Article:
Medically reviewed on Jun 7, 2018
What is Bilberry?
Bilberry fruit originates from Europe and has been naturalized in the North American Rocky Mountains. The plant bears bluish-black berries that are 5 to 9 mm in diameter and contain many small, shiny brownish-red seeds that are somewhat caustic and sweet tasting. The bright green leaves are short, petiolate, and elliptic to round, and are 10 to 30 mm long.
Fructus myrtilli, Vaccinum myrtillus
Bilberry is also known as bog bilberry, huckleberry, whortleberry, and Heidelbeere.
What is it used for?
Traditional uses of dried bilberry fruit include supportive treatment of short-term, nonspecific diarrhea when administered as a tea and as a topical decoction for inflammation of the mucous membranes of the mouth and throat. Folkloric use of the berries in cough preparations in the 15th century and use in diabetes at the end of the 19th century has been reported. During World War II, British Royal Air Force pilots ate bilberry preserves before night missions in the belief that bilberry would improve their vision. Some European health care providers later recommended bilberry extracts for other eye complaints.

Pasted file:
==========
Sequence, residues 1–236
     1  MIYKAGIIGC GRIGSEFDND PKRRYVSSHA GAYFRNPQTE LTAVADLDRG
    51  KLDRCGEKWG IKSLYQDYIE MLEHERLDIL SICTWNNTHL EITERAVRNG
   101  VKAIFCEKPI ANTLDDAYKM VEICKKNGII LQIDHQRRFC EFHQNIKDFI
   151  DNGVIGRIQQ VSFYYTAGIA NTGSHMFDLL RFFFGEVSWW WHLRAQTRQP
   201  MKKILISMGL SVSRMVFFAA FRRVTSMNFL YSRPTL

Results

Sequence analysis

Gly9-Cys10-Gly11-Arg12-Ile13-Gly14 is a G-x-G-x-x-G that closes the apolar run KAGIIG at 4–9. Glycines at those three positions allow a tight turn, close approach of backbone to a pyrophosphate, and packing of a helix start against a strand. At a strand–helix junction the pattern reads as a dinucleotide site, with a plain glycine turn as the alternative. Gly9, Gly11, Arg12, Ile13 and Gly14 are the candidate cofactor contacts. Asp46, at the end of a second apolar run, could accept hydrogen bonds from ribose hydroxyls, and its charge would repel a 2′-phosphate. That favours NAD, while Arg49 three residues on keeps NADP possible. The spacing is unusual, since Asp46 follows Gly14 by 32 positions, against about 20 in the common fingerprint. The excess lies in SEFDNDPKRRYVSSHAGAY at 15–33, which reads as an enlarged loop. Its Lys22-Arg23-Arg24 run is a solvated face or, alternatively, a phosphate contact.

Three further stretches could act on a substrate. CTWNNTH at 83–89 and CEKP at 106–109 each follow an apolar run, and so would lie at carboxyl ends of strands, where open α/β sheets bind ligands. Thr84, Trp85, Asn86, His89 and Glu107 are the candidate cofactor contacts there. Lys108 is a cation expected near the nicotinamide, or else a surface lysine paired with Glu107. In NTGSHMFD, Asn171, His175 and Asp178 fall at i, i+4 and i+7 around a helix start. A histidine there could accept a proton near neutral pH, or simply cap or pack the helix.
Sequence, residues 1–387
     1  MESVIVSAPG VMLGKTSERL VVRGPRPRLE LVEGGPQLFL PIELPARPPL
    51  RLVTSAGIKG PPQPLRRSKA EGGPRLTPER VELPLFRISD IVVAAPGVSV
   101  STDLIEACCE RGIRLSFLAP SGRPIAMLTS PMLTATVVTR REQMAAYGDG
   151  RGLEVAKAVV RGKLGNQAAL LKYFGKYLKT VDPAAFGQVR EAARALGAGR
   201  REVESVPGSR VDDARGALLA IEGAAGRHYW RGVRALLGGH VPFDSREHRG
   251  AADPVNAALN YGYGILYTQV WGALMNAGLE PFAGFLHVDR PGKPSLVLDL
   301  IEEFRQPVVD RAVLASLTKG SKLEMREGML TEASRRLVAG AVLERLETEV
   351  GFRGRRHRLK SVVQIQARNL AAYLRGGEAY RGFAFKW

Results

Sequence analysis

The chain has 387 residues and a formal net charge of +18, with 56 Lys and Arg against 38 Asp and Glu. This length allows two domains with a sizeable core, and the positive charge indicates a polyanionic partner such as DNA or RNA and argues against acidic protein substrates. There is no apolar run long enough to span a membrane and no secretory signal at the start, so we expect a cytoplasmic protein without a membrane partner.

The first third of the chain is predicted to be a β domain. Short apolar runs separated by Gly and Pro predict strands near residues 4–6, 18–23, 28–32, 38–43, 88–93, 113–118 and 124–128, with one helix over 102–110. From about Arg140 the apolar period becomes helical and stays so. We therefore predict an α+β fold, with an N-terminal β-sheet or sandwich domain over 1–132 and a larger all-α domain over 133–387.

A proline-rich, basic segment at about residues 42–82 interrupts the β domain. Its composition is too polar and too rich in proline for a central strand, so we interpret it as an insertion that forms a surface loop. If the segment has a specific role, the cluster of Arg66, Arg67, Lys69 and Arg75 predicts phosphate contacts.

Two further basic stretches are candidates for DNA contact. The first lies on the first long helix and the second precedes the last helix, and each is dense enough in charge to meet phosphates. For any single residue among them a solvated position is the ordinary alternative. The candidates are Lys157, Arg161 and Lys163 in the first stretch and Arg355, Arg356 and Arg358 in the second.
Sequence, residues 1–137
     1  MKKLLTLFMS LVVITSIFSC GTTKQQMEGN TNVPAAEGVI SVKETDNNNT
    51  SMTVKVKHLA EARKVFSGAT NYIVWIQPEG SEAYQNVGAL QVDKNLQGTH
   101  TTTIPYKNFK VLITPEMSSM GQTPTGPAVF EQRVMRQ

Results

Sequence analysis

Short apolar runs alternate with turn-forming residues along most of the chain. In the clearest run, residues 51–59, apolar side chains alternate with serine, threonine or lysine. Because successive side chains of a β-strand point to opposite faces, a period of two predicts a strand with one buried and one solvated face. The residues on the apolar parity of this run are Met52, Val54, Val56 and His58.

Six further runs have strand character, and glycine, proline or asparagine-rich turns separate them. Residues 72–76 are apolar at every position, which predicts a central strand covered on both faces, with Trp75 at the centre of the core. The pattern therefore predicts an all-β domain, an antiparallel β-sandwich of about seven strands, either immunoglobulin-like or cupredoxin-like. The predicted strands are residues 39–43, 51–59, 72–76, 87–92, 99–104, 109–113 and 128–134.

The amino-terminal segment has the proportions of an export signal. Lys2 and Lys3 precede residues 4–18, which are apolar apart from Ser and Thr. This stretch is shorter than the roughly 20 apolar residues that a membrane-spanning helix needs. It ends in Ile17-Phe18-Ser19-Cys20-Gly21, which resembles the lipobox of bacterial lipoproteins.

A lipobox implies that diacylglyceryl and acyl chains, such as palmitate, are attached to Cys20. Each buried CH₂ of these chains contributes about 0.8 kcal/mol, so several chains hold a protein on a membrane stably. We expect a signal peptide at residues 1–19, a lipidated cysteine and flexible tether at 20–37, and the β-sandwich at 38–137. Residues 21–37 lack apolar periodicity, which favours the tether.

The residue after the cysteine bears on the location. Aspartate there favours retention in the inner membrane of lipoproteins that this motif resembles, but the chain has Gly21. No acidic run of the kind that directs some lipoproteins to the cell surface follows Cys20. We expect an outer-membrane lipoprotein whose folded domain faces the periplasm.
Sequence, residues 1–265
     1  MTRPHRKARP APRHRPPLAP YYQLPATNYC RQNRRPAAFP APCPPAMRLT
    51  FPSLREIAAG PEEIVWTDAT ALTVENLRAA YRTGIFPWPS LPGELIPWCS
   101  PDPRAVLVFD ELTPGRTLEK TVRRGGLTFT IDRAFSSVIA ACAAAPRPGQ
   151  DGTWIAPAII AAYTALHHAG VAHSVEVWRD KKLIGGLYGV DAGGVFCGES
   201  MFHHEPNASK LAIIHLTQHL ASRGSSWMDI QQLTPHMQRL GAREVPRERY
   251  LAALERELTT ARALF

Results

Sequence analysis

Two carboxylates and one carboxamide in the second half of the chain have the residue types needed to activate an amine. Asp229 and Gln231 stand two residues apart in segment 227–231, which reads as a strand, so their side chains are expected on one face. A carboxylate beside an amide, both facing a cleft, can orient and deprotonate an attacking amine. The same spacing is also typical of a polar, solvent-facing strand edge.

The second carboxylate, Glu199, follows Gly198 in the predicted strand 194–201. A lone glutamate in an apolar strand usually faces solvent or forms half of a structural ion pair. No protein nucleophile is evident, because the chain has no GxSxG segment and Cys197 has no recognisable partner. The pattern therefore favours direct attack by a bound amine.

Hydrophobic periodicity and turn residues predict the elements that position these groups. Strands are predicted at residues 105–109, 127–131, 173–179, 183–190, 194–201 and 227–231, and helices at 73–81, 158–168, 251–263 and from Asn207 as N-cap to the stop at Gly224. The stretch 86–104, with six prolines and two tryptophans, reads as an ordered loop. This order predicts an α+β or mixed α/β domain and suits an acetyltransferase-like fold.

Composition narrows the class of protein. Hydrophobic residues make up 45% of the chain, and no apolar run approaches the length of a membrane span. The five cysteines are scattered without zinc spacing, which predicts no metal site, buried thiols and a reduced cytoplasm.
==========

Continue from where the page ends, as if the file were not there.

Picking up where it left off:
Clinical studies are limited. Interest has focused on antioxidant potential in cancer and heart/blood vessel conditions, and other applications may exist in diabetes, as well as in inflammatory bowel and eye conditions.
What is the recommended dosage?
Typical bilberry products are standardized to 25% anthocyanoside (an active molecule) content, and 100 g of fresh fruit contains anthocyanin content 300 to 700 mg. Limited clinical studies have evaluated supplemental bilberry 100 to 400 g over 4 to 8 weeks' duration.
Contraindications have not yet been identified.
Generally recognized as safe when used as food. Avoid dosages above those found in food because safety and effectiveness are unproven.
None well documented.
Information is lacking.
Information is lacking. Long-term use of bilberry leaves may lead to adverse effects.